On a cool, sunny June afternoon I started one of my frequent hikes at Radnor Lake. There’s a steep paved road just past the parking lot that leads to the lake. In one area, damaged by a major flood, the road is all gravel and a bit bumpy to traverse. As I approached the graveled area, I saw a young man in a wheelchair suddenly grab his wheels and try to turn back toward the parking lot. He protested loudly about riding over the gravel and appeared quite frightened. One of his companions calmly encouraged him not to be afraid, reminding him that the lake was just past the gravel so he needed to go through it to enjoy the scenery. This seemed to calm him down a bit and he let go of his efforts to escape the gravel. At that point he had already ridden halfway through anyway, so either going or returning meant equal contact with the gravel.
As I walked past, he appeared more relaxed as one of his companions moved him forward in the chair. Suddenly he opened his mouth and allowed the sound of his voice to reflect the bumpiness of the gravel. It was as if his whole body had become one with the gravel, completely connected with the experience of going over the rocks. I realized he was giving a wonderful dharma talk – directly reflecting how he had let go of aversion and was allowing himself to experience the moment fully. There was no fear in his voice, just a manifestation of the moment’s bumpiness.
I smiled as a deep gratitude arose in my heart for the inherent wisdom we can all access through the simple, yet often challenging act of letting go. This young man was intellectually disabled in a way that kept him from communicating as freely and easily as most of us. Yet in facing his fear and releasing his efforts to escape the gravel, he relaxed into the moment and allowed the bumpiness to penetrate his whole body. Soon he was back on the smooth pavement and had the opportunity to enjoy the beautiful lake just ahead.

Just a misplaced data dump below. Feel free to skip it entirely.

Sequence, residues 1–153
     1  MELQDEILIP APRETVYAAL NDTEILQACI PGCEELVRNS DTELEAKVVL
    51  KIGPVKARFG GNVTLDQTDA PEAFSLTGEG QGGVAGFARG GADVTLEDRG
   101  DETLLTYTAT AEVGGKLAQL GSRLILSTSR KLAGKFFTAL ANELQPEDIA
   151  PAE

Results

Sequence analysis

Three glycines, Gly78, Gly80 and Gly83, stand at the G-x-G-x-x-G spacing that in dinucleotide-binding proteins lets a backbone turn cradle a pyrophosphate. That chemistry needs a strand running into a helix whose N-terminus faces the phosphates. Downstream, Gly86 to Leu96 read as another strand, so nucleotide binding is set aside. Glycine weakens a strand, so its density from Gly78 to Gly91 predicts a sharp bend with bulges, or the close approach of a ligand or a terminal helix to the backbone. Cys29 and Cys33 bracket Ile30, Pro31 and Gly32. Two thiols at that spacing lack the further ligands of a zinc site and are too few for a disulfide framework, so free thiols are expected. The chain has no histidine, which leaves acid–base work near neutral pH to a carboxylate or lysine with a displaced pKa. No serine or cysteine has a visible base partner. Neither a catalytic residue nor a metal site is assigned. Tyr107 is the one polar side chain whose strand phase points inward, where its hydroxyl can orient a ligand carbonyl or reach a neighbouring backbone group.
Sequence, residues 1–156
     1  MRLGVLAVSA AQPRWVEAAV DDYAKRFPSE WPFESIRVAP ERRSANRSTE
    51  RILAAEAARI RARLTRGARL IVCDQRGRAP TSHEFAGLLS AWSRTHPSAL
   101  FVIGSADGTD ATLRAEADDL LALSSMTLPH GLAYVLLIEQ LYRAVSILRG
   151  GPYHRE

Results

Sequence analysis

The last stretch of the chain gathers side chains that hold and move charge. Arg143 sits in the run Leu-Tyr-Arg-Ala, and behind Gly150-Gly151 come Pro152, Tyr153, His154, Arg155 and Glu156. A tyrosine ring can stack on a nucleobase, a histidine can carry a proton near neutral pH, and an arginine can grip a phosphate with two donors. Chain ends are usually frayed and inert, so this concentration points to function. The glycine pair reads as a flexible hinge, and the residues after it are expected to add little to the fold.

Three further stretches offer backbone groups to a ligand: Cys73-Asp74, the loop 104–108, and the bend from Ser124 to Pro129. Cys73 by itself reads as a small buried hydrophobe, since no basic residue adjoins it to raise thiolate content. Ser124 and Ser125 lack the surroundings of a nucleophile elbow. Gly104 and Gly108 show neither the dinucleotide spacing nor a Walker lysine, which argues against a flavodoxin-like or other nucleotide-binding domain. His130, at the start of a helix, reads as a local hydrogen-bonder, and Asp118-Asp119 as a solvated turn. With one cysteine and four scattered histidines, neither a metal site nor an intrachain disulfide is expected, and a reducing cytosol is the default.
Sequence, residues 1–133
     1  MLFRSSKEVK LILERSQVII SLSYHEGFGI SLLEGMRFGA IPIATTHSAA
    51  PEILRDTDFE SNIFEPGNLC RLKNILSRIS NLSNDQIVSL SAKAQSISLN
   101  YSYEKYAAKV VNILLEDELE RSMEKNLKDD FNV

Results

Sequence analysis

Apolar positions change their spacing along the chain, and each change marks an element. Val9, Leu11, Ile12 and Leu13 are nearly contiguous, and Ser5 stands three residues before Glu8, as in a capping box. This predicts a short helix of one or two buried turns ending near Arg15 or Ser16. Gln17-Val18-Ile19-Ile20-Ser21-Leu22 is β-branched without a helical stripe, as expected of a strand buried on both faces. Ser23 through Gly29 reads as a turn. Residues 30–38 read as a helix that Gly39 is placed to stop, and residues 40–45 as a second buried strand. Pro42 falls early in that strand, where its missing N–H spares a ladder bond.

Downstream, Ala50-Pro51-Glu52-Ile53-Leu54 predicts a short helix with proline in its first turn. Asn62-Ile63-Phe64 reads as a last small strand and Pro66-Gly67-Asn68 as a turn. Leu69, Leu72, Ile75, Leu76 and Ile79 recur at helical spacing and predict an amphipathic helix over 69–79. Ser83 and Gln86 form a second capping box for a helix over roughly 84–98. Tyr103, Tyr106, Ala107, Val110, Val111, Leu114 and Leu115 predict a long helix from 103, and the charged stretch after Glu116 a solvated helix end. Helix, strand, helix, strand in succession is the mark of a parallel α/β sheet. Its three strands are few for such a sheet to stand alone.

May we all find the wisdom to let our whole hearts and bodies meet the gravel when it comes and to enjoy the serene, deep lake that follows.
by Lisa Ernst
This moment of joy is an owl’s perfect song
Again and again each time the same
How does it know to sing just this way?
The thought like the owl can’t be caught and held
It drifts on its way but the joy remains.
An open heart leaves nothing outside
receives all yet holds none
so owls can sing and then fly away.
– Lisa Ernst
What happens when you resist? Have you spent some time in your practice cultivating true intimacy with your mind and body in a state of resistance? You probably know where you hold your tension, where your body contracts and how your mind seeks diversion. But the true payoff comes when you take an even closer look. Can you become truly intimate with the tension in your body? Get to know it like a mate or a best friend? Open your heart and mind wide enough that it penetrates every cell, every infinitesimal particle of time and matter. When you can do this, you will taste complete freedom. This is where transformation occurs; in a moment of full surrender, when your resistance dies, you die. But your great nature, your true self that embraces all and leaves nothing out, remains. What is this true nature? You can only find out for yourself. Just let your Bodhicitta, your inherent desire to wake up, guide the way.
– Lisa Ernst